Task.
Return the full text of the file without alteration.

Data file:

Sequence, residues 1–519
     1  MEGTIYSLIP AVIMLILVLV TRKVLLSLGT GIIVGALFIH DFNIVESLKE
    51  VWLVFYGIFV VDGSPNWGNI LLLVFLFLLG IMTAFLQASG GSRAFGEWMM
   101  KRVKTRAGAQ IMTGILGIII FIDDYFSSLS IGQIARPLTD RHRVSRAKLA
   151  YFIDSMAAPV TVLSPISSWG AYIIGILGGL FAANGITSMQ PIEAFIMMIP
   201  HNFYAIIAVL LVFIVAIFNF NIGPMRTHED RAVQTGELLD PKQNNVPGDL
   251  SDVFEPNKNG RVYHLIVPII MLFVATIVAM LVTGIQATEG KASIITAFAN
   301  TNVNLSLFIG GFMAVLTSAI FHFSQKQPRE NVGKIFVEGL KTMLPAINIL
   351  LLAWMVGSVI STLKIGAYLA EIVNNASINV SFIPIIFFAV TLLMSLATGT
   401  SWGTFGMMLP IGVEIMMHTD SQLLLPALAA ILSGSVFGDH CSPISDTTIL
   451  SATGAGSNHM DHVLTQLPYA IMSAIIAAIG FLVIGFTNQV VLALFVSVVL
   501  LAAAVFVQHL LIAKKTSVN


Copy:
Sequence, residues 1–519
     1  MEGTIYSLIP AVIMLILVLV TRKVLLSLGT GIIVGALFIH DFNIVESLKE
    51  VWLVFYGIFV VDGSPNWGNI LLLVFLFLLG IMTAFLQASG GSRAFGEWMM
   101  KRVKTRAGAQ IMTGILGIII FIDDYFSSLS IGQIARPLTD RHRVSRAKLA
   151  YFIDSMAAPV TVLSPISSWG AYIIGILGGL FAANGITSMQ PIEAFIMMIP
   201  HNFYAIIAVL LVFIVAIFNF NIGPMRTHED RAVQTGELLD PKQNNVPGDL
   251  SDVFEPNKNG RVYHLIVPII MLFVATIVAM LVTGIQATEG KASIITAFAN
   301  TNVNLSLFIG GFMAVLTSAI FHFSQKQPRE NVGKIFVEGL KTMLPAINIL
   351  LLAWMVGSVI STLKIGAYLA EIVNNASINV SFIPIIFFAV TLLMSLATGT
   401  SWGTFGMMLP IGVEIMMHTD SQLLLPALAA ILSGSVFGDH CSPISDTTIL
   451  SATGAGSNHM DHVLTQLPYA IMSAIIAAIG FLVIGFTNQV VLALFVSVVL
   501  LAAAVFVQHL LIAKKTSVN